It’s amazing what you can get done with a highly motivated team in a short period of time and many successful companies have come out of startup weeekends around the world. But more important is that lessons that individual participants have taken back to their own startups or corporate jobs to make these organisations more flexible, agile and customer centred.
Growth hacking is the application of the mindsets and tools of a computer hacker to the challenge of growing a company. Basically, growth hacking is what happens when software developers try to do marketing. The essence of the growth hacking mindset is the scientific method and an iterative rapid prototyping approach to marketing. This type of marketing can be faster, cheaper and more effective than traditional marketing so growth hacking is becoming popular in many industries.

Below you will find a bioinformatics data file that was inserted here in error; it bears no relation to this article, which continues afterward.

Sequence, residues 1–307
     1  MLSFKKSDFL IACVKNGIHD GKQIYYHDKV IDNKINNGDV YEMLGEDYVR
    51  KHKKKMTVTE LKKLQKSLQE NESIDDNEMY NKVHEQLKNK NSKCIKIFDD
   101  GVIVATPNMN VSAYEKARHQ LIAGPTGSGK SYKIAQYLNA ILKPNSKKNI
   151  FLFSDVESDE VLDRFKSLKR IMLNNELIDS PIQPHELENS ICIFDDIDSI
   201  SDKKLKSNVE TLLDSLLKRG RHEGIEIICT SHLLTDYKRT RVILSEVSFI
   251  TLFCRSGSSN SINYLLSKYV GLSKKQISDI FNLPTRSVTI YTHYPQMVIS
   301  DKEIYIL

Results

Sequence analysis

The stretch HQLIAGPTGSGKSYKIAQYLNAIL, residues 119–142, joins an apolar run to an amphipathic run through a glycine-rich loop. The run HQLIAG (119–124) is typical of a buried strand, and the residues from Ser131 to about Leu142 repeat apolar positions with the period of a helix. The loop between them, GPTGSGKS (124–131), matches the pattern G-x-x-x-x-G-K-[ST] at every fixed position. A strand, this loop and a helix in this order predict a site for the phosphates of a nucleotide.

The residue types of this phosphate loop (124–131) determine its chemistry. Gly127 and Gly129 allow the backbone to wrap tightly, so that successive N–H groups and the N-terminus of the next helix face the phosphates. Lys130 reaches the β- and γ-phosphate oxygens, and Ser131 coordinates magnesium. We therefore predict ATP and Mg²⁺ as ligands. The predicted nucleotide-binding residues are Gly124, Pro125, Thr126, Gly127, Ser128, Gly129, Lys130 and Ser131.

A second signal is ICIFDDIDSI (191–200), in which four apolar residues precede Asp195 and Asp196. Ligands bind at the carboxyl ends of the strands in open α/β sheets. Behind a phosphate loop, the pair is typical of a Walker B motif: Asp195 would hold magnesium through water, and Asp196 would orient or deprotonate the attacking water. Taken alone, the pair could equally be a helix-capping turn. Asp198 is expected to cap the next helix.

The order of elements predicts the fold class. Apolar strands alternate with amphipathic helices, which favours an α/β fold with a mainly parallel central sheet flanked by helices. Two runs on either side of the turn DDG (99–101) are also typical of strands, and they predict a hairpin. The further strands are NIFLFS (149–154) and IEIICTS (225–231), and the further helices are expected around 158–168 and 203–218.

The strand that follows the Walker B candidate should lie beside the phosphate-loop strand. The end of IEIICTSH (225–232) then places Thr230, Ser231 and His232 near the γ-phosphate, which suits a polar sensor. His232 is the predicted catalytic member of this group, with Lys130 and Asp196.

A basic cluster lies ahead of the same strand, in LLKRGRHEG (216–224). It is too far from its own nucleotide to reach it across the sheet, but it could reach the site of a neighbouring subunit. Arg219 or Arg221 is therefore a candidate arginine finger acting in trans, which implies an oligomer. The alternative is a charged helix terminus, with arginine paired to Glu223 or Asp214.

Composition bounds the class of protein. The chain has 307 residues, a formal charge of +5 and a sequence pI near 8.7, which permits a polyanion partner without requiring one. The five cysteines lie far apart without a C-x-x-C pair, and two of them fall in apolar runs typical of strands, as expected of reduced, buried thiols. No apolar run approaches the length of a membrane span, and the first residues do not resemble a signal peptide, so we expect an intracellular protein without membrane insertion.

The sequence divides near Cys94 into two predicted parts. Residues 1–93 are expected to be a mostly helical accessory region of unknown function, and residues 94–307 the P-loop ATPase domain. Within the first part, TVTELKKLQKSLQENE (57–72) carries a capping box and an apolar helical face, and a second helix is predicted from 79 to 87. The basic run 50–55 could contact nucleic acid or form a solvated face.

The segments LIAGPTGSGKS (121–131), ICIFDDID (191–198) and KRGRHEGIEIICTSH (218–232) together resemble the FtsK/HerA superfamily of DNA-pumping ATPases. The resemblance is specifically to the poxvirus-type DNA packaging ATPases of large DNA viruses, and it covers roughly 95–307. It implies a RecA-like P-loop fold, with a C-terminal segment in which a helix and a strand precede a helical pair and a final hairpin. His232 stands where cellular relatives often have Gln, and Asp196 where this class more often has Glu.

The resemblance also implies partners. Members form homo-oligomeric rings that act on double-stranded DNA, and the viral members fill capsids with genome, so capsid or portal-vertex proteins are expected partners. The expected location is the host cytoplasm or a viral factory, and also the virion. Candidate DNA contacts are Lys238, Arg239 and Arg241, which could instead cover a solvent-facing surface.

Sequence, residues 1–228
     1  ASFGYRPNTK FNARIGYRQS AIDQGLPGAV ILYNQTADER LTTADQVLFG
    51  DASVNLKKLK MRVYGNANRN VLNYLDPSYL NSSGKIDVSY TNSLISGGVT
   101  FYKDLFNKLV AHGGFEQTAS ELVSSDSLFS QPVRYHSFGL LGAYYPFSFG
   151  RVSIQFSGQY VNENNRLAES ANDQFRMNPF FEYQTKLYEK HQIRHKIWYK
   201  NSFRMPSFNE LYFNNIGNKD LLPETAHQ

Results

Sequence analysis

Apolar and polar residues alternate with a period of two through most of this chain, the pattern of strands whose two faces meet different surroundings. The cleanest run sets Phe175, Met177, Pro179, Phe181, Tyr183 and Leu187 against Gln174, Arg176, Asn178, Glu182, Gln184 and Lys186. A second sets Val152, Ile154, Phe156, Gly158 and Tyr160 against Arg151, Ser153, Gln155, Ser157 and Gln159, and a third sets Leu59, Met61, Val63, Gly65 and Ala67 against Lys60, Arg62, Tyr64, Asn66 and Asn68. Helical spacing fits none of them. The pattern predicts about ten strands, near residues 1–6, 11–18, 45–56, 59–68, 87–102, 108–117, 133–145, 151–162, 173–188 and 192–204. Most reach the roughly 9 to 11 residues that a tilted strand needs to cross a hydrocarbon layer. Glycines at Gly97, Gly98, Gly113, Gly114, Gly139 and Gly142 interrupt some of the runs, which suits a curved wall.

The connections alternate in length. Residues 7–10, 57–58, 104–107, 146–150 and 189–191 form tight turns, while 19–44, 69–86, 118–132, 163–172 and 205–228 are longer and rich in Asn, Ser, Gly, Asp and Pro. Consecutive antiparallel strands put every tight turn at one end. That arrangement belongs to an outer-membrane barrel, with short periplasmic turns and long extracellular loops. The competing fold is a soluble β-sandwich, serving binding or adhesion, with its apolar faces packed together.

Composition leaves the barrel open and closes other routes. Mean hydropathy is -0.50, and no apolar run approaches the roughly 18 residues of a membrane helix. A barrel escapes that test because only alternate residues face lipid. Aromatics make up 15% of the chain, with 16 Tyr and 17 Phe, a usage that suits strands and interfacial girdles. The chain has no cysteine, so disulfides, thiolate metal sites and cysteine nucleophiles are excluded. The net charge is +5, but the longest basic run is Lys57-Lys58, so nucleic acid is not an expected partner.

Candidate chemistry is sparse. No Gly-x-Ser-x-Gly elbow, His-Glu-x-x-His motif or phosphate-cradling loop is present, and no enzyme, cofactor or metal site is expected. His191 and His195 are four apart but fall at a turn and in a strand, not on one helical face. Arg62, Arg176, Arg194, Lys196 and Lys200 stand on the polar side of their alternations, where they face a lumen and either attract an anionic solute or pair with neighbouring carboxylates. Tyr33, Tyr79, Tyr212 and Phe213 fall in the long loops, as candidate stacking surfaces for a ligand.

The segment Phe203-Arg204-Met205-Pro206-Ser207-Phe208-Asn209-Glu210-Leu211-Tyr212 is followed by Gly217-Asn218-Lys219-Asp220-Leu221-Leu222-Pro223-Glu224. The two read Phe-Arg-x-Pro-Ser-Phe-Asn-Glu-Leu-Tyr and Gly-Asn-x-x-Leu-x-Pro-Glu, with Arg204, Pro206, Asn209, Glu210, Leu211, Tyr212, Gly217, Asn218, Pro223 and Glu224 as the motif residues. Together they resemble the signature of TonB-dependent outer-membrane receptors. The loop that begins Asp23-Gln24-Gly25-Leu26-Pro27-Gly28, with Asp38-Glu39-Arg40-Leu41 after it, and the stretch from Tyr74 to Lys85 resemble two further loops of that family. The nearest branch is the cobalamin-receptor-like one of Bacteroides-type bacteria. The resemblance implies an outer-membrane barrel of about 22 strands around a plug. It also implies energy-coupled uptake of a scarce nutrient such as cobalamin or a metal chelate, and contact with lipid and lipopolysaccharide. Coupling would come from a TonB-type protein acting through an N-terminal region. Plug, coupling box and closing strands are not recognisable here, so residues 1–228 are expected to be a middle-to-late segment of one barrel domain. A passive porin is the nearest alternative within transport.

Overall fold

New Zealand has normally been pretty slow to adopt global trends in sales, marketing and design. As far as I can tell, there are still only a small number of New Zealand companies such as Vend, TradeMe and 90 Seconds TV that are applying growth hacking techniques to rapidly expand their businesses. I’m hoping to find more people doing growth hacking in Auckland and the rest of New Zealand to swap stories and share lessons learned. Continue reading Growth Hacking in New Zealand
Nick Bowmast is a design researcher from New Zealand. He worked in London for over a decade and now splits his time between NZ and the UK. I wasn’t quite sure what a “design researcher” does, so Nick pointed me to a blog post about his tools of the trade. It’s a fun way to understand how a design researcher spends their time and the type of work that Nick does with clients.